By Henry Stevens
There is general agreement in the farm community that a number of our commodities are in serious financial difficulty and face an uncertain future. There is also general agreement on why family farms in those sectors are facing such difficulties. Where there is less agreement is “how do we solve those problems and turn these sectors around?”
Perth County pork and beef producers are to be commended for offering some leadership regarding solving these problems. They recently organized an information meeting, called Farmers Matter in Stratford to bring attention to the situation and explore possible solutions. Several of the most frequently mentioned obstacles to profitability were: an uneven playing field with our competitors; safety nets that do not work for most farmers; fluctuating exchange rates; a regulatory burden that stifles small business and flawed labeling legislation.
How do we overcome those issues? Thirty to 40 years ago we had political champions such as Bill Stewart and Eugene Whelan to fight for farmers. Today, we lack such champions. If it is true, as MP Wayne Easter bluntly stated in Stratford, that our farmers do not matter but should, then I believe that solutions will not be found only through government lobbying by producers or their organizations.
So what do we do? I believe that our best chance of succeeding is to tap into the goodwill that consumers in general have for farmers. We are consistently named as the number two or three most respected profession in numerous public opinion polls. We must build on that goodwill and convince the consumer to, in effect, speak for us through their shopping choices and demands. Consumers must tell the government of the day that they want the highest quality, and the demonstrated safety of Canadian grown food. It must be clearly labeled as such so that consumers have the confidence to know they are buying exactly what the label says.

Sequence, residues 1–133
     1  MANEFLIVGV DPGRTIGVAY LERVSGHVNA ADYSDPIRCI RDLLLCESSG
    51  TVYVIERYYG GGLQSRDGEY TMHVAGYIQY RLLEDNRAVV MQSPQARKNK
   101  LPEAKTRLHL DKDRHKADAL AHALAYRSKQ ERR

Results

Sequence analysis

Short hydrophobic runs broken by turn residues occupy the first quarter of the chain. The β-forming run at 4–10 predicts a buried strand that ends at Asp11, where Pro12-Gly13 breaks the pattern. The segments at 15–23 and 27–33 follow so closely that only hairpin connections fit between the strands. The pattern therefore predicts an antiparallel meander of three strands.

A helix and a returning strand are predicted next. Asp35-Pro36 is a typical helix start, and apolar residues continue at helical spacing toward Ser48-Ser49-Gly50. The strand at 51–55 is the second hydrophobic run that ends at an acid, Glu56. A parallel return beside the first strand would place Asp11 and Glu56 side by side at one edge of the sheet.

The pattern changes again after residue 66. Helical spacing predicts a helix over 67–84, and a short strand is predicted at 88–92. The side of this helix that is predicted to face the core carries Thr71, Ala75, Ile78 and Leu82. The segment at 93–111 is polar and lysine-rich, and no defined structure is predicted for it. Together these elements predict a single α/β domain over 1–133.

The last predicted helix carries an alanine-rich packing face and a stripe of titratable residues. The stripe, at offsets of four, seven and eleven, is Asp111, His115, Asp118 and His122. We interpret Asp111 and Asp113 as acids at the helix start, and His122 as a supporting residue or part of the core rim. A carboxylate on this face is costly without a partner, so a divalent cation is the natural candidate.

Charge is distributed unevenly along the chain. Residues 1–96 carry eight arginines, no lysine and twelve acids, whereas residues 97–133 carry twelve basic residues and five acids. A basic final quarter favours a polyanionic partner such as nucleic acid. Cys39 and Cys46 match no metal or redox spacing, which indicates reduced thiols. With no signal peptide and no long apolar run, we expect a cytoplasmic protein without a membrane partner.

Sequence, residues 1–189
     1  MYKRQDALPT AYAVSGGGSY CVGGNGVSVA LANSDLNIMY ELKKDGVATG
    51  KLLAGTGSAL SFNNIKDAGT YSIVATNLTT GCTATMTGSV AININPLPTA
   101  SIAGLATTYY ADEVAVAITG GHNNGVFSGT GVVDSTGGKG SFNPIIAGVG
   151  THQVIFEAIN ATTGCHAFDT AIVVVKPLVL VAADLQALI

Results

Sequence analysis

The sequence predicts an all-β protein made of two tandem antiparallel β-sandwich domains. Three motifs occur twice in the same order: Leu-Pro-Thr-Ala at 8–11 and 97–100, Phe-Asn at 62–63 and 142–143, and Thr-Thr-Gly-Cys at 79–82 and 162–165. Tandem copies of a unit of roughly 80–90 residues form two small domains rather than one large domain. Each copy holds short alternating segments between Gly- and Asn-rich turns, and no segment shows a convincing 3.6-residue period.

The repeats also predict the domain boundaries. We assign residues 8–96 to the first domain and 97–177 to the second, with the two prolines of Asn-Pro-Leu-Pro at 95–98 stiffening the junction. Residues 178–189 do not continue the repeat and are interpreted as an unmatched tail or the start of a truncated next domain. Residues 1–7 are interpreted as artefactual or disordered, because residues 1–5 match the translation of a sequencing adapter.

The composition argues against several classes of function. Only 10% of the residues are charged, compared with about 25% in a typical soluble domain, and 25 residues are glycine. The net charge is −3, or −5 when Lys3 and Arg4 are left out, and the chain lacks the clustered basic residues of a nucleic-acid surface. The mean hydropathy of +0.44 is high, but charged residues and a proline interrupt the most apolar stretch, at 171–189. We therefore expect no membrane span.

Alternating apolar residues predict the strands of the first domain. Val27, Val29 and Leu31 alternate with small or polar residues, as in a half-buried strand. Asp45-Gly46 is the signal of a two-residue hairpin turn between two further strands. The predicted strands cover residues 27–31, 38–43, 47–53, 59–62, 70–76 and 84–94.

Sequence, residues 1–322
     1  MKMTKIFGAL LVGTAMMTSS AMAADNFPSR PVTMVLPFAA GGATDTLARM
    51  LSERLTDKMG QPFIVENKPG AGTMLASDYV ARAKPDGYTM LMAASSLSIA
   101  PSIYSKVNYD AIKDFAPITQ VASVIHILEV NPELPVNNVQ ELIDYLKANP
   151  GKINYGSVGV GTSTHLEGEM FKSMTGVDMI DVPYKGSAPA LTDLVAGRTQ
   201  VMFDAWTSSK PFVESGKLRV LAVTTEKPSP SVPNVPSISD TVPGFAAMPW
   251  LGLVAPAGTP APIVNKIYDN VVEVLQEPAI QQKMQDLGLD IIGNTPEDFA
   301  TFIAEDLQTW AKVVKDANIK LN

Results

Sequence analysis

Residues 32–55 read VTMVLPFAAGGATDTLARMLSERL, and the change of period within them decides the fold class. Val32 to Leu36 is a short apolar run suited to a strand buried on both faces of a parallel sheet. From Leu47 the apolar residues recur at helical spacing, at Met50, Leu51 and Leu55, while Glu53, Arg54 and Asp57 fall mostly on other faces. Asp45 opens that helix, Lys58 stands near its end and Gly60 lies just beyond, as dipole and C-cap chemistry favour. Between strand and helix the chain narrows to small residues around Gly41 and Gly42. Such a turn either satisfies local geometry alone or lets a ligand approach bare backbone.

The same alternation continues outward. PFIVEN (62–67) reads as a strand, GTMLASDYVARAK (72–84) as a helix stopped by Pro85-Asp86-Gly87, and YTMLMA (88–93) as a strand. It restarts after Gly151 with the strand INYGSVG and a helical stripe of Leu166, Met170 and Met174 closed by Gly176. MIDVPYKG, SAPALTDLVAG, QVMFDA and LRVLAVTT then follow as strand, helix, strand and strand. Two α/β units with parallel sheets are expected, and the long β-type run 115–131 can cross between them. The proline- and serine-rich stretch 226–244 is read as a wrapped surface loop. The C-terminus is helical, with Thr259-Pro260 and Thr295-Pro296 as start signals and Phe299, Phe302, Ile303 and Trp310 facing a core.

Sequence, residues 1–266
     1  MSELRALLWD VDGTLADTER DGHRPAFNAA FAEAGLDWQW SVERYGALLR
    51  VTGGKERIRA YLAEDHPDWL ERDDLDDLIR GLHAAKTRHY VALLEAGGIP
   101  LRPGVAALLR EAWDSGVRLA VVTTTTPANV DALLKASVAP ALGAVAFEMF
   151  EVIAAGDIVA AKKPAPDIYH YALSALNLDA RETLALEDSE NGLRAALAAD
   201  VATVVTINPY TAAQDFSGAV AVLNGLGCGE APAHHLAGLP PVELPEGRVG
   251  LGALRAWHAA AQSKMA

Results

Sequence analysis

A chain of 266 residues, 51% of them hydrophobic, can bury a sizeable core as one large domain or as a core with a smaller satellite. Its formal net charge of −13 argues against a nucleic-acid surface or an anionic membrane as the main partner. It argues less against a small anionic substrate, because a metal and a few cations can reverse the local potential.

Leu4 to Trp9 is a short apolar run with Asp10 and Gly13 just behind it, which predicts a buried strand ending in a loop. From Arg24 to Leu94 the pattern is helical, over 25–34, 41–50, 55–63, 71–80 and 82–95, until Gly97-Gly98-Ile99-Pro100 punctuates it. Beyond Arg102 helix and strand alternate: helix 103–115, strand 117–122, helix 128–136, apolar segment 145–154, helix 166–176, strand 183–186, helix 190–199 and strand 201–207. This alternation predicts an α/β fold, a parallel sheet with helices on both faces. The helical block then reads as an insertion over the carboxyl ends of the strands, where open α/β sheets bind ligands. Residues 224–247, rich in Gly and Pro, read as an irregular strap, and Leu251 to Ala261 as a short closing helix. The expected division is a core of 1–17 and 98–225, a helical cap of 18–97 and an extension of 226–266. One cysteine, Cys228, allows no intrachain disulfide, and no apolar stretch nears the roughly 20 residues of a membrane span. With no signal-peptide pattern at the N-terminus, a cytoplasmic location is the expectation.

How do we effectively build goodwill with consumers? We must tell our story. As producers and producer organizations, we need to promote our products. We cannot leave it up to the processors and retailers. We need to put the face of a friendly, local farmer, and his family, on all of our advertisements, including billboards, and on public transit such as subways and buses. If we can do that, I am confident the consumer will identify us as the providers of the safe, healthy, abundant food they want for their families and will pressure retailers and government to provide more. Consumer demand will lead to more investment in local, rural infrastructure, which in turn will provide new local jobs and help rebuild our local communities.
I believe it is time to try something different. My hope is that you agree.
Henry Stevens is the President of the Christian Farmers Federation of Ontario. The CFFO Commentary represents the opinions of the writer and does not necessarily represent CFFO policy. The CFFO Commentary is heard weekly on CFCO Chatham, CKNX Wingham, Ontario and is archived on the CFFO website: www.christianfarmers.org. CFFO is supported by 4,200 family farmers across Ontario.